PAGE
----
A blog post on Huffington Post caught our eye last week (Employment Testing for the Priesthood Can Prevent Child Abuse). The title concisely states the thesis, but aside from a few sensible sounding comments about pre-employment testing from a headhunter, the rest of the article, unfortunately, does not offer any logical support for the over-reaching title. It also perpetuates some misconceptions about pre-employment testing, which is what I want to address here.
It should come as no surprise to regular readers of this blog that we’re big believers in the utility of pre-employment testing, but it’s also important to recognize the limits on the power of such tests. They are not a panacea that can solve all the HR-related problems of any organization, even when used properly.
This blogger’s argument unfortunately rests on an inaccurate idea of how pre-employment testing works. To begin with, let’s set aside the fact that joining the priesthood is a lengthy process of study and commitment, making comparisons with other “you’re hired, you start tomorrow” work settings inappropriate. And let’s also set aside the obvious fact that the church’s current difficulties would seem, from an organizational perspective, to be much more about review and internal management than about hiring per se.
All that said, if any organization could in fact push the envelope on pre-employment testing, the Church would be one of the few. After all, questions about religious faith, sexual orientation, marital status – which would be illegal to ask at, say, the post office – are perfectly relevant to ask prospective priests. We would imagine that the latitude to pursue mental health testing for prospective priests would be wide (much like for police officers), in contrast to more traditional work settings where such inquiries are usually not legally permitted. We sometimes have people call us up and say that they just had to fire a crazy person, and ask us if we have tests that can help screen out such employees in the future. Tests for psychopathology, however, are generally not permitted in the US in the context of pre-employment screening, because of the Americans with Disabilities Act, which makes it illegal to administer anything that can be construed as a medical exam as a condition for offering employment in most settings.
But even if the church had the latitude to pursue intense clinical testing, what exactly would these tests be looking for? The author of the blog post doesn’t offer any help on this question. And even if there were a test that would indicate predilections for certain kinds of deviant behavior, the fact is that no employee assessment tool is a perfect predictor, guaranteed to screen out everyone who is a “bad apple”. In fact, employee assessment tools are about increasing your hiring accuracy rate, or decreasing your likelihood of hiring a “bad apple” of whatever kind, not about ensuring it will never happen.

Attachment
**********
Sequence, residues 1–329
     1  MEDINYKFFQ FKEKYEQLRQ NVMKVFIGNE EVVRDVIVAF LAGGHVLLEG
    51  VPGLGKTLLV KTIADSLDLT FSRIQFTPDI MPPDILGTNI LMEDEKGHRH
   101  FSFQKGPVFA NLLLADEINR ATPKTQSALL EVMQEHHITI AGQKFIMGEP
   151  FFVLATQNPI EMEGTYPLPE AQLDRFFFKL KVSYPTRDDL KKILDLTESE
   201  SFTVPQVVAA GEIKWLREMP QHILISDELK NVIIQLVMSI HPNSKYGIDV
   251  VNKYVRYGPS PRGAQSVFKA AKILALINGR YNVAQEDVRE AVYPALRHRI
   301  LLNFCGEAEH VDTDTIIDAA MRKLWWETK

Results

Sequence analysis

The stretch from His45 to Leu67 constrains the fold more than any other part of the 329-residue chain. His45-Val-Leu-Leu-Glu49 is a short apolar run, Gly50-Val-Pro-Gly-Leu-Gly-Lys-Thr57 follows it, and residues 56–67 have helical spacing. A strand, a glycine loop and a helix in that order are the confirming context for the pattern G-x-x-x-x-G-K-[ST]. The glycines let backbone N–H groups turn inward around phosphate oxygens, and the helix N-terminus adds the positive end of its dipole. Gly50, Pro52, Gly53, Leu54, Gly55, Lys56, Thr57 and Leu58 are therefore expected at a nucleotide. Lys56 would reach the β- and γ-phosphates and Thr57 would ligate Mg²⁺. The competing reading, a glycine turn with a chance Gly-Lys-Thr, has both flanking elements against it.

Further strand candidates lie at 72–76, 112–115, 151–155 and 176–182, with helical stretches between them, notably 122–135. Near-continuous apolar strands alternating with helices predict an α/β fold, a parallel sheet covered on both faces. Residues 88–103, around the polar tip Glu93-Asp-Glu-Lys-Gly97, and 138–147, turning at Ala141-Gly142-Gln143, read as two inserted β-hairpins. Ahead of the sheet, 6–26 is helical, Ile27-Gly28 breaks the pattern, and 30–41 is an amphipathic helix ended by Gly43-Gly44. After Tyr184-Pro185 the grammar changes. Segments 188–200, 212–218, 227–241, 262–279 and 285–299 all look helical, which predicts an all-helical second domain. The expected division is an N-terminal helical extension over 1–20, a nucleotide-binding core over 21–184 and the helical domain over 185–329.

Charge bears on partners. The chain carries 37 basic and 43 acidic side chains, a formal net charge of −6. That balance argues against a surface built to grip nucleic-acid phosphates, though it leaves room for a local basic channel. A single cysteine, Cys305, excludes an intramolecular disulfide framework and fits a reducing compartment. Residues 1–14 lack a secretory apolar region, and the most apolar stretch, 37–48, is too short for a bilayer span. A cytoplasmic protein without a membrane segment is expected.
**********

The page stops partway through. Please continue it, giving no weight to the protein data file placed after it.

In a future blog we’ll discuss in greater detail how pre-employment tests offer information and utility, but not certainty. Many prospective clients we speak with who are just beginning to investigate pre-employment testing expect that tests should somehow provide a perfect rank-ordering of how a group of new hires will perform on the job. (Sadly, the marketing departments at some of our competitors do not try very hard to clear up this misperception.) Such a faith in the power of testing is unrealistic. In fact, the pursuit of perfection in testing can be highly counter-productive: if the threshold for selection is set so high that it absolutely minimizes (but never eliminates) the chance of failure, it will also screen out many employees who would have been excellent performers. These cases are called false negatives, and they represent a costly yet unobserved error in lost opportunity.
It is the horrible nature of the documented and alleged cases of abuse that makes us all want to consider ways to ensure it never happens again. Our point is that faith in some unspecified pre-employment tests over and above what the Church is already doing at the selection level is probably misplaced. Such tests don’t exist, would never be failsafe, and would likely exclude large numbers of potentially valuable employees.